Take a square and divide it down a diagonal, dividing the square into two triangles. Drawing the opposite diagonal now divides it into four triangles. In these two examples, we divided a square into an even number of triangles, all with equal area. Can we divide a square into an *odd* number of nonoverlapping triangles, all with equal area? In this question, we do not require that all the triangles be congruent, as in the above examples.

It turns out, you can't. Paul Monksy proved this in a 1970 American Mathematical Monthly paper [1], though John Thomas proved this earlier when the vertices of the triangles are restricted to having rational coordinates.

The proof progresses in several steps. I won't go through every detail, but try and convey the flavour of the proof. The reader is invited to read the proof in its entirety, which is something I just did and I recommend it.

Let us consider a general region in space defined by gluing together nonoverlapping triangles $\{T_1,\dots, T_m\}$. Let's use the word vertex to refer to any vertex of a triangle in this arrangement. A face will refer to a face either of a triangle or of the boundary (which will be some kind of polygon). Let's say a face is of type $\Acl\Bcl$ if one end of the face has vertex $\Acl$ and the other end is a vertex of type $\Bcl$. The key to the proof is the following:

**Lemma**. Divide the vertices of the triangles into three disjoint classes: $\Acl, \Bcl,$ and $\Ccl$. If not face contains vertices of all three types and the boundary of the region contains an odd number of faces of type $\Acl\Bcl$, then some $T_i$ has vertices of all three types.

So, the strategy to prove that a square cannot be divided into an odd number of triangles all of equal area is to find some way to partition the set of vertices of the triangles dividing a square such that the hypotheses of the lemma hold. Then, try and prove that the number of dividing triangles is even given that at least one triangle has vertices of all three types. It's actually quite a conundrum, and the reason why Monsky's proof is so cool is that it actually manages to do this in a very elegant way.

Monsky's strategy is to first just assume that the square is $S = [0,1]\times [0,1]$ without loss of generality. Then, define a partition of $\R^2$ as follows:

- $(x,y)\in \Acl$ iff $\lVert x\rVert \lt 1$ and $\lVert y\rVert \lt 1$
- $(x,y)\in \Bcl$ iff $\lVert x\rVert \geq 1$ and $\lVert x\rVert\geq \lVert y\rVert$
- $(x,y)\in \Ccl$ iff $\lVert y\rVert\geq 1$ and $\lVert y\rVert\geq \lVert x\rVert$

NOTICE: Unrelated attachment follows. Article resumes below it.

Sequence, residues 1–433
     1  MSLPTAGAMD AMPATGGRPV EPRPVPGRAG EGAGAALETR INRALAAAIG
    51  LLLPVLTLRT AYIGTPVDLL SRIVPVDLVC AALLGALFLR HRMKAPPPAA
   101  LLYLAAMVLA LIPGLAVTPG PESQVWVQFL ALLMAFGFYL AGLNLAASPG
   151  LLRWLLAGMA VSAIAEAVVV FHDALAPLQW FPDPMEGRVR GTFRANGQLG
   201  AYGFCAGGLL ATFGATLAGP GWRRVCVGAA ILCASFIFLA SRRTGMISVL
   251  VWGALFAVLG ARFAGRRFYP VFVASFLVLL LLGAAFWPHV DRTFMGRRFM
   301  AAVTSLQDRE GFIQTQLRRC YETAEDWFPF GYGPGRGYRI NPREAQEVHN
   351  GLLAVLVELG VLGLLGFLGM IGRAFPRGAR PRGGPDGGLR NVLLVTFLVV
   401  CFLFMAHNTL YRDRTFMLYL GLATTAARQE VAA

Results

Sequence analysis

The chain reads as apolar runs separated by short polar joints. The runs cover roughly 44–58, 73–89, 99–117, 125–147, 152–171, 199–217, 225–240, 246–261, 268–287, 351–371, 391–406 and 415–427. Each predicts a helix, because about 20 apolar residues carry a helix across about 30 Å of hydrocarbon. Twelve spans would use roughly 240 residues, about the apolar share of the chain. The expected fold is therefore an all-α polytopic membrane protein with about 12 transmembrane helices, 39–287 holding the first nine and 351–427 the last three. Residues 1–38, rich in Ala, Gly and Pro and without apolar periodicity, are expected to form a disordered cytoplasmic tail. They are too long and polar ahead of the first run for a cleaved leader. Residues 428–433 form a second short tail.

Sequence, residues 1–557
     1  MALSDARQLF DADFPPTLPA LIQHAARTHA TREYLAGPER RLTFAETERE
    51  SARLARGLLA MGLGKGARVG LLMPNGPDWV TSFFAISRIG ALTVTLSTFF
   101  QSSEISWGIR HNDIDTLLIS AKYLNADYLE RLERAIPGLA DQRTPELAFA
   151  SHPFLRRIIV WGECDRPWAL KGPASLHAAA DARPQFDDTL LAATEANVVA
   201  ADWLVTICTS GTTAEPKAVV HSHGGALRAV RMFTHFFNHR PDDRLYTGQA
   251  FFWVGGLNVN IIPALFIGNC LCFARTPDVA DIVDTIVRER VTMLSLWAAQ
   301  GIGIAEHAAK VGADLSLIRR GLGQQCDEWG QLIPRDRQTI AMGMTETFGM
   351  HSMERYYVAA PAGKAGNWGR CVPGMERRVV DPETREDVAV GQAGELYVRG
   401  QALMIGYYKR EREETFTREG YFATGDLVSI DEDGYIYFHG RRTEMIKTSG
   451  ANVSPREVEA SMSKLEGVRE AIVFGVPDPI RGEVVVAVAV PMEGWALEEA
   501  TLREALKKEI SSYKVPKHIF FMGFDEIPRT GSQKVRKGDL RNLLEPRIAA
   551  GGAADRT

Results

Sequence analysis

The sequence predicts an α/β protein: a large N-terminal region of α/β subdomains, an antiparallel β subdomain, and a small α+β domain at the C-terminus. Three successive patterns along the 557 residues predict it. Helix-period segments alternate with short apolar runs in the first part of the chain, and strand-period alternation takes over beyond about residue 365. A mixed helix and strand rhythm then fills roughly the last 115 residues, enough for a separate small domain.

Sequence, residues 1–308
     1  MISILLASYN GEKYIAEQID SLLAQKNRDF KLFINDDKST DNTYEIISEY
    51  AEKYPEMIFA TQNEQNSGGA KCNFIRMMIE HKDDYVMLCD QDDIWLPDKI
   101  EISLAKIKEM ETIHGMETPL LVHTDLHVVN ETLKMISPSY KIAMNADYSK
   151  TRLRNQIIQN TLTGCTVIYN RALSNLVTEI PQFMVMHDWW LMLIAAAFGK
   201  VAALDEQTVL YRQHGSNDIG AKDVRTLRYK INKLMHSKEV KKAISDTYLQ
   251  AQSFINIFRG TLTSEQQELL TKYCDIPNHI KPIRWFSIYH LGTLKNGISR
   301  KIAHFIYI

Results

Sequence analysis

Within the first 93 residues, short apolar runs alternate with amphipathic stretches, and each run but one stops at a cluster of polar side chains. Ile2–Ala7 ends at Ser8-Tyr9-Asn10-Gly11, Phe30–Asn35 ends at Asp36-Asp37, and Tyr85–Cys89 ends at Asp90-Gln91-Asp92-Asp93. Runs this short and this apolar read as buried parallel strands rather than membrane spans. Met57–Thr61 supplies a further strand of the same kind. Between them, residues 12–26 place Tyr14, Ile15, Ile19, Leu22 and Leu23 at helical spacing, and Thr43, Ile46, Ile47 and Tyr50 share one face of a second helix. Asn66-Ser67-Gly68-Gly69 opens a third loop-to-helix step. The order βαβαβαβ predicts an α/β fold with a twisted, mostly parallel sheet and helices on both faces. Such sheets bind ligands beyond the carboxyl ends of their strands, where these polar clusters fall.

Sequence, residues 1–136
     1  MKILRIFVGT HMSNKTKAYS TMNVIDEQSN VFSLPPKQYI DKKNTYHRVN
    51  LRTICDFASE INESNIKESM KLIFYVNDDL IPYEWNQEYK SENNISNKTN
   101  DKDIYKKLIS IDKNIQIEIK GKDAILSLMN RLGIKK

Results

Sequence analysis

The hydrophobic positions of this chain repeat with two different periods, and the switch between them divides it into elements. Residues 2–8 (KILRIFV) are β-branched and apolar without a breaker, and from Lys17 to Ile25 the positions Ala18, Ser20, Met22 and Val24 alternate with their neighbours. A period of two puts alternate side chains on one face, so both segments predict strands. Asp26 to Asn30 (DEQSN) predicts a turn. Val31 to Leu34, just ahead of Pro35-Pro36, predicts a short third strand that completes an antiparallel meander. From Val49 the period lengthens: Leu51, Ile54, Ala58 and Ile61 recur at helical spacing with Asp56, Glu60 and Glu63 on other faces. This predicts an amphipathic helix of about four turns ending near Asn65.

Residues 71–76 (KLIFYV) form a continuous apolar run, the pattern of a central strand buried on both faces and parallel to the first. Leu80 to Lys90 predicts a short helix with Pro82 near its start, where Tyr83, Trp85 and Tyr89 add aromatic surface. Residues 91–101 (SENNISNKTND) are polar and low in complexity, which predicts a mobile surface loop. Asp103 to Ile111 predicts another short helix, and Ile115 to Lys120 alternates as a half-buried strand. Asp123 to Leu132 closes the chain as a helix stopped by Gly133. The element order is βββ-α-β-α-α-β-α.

In thes equations, $\lVert\cdot\rVert$ is the extension of the $2$-adic absolute value on the rational numbers to the real numbers. Now assume the square $S$ is divide into $m$ triangles, each with area $1/m$. I won't go into the proof that the vertices of the triangles satisfy the conditions of the lemma (for that, read the paper, but it's not long), but they do. Therefore, there exists a triangle $T_i$ that has vertices of all three types. Here is a short exercise that follows directly from the definition of the sets $\Acl, \Bcl,$ and $\Ccl$:

- Prove that if you take any point $X$ of a given type, translating it by a point of type $\Acl$ does not change the type of $X$.

With this, let us translate our triangle $T_i$ so that the vertex of type $\Acl$ is now the origin, and let $(x,y)$ and $(x',y')$ be the points of type $\Bcl$ and $\Ccl$ respectively. Then the area of the triangle is, up to sign, $\frac{1}{2}(xy' – x'y) = \pm 1/m$. Here is another exercise, again which follows directly from the definition of the point classes $\Acl,\Bcl$ and $\Ccl$:

- Prove that if $(x,y)$ and $(x',y')$ are of type $\Bcl$ and $\Ccl$ respectively, then $\lVert xy'\rVert \gt \lVert x'y\rVert$.

By this exercise, the 2-adic norm of the area of the triangle is

$$\lVert \frac 1 2\rVert\cdot \lVert xy'\rVert$$

since a nonarchimedean norm always satisfies $\lVert x + y\rVert \leq \max\{ \lVert x\rVert,\lVert y\rVert \}$ with equality whenever $\lVert x\rVert\not=\lVert y\rVert$. If $(x,y)\in \Bcl$ and $(x',y')\in \Ccl$ then we also know that $\lVert x\rVert\geq 1$ and $\lVert y\rVert\geq 1$ so that the 2-adic norm of the area of $T_i$ is greater than or equal to $\lVert\frac 1 2\rVert$, which is strictly greater than one. Therefore,

$$\lVert 1/m\rVert \gt 1.$$

This means that $m$ must be even.

[1] Monsky, Paul. On dividing a square into triangles. Amer. Math. Monthly 77 1970 161-164.